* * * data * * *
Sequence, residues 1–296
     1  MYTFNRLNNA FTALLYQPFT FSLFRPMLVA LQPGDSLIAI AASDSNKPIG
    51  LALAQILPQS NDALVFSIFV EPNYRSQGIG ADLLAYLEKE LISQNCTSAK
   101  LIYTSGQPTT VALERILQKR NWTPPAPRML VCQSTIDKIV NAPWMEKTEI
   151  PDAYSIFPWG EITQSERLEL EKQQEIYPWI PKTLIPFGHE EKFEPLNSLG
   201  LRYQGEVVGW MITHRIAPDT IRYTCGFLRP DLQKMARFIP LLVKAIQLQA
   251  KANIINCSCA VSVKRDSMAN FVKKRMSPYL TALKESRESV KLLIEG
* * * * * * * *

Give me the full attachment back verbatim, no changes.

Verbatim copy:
Sequence, residues 1–296
     1  MYTFNRLNNA FTALLYQPFT FSLFRPMLVA LQPGDSLIAI AASDSNKPIG
    51  LALAQILPQS NDALVFSIFV EPNYRSQGIG ADLLAYLEKE LISQNCTSAK
   101  LIYTSGQPTT VALERILQKR NWTPPAPRML VCQSTIDKIV NAPWMEKTEI
   151  PDAYSIFPWG EITQSERLEL EKQQEIYPWI PKTLIPFGHE EKFEPLNSLG
   201  LRYQGEVVGW MITHRIAPDT IRYTCGFLRP DLQKMARFIP LLVKAIQLQA
   251  KANIINCSCA VSVKRDSMAN FVKKRMSPYL TALKESRESV KLLIEG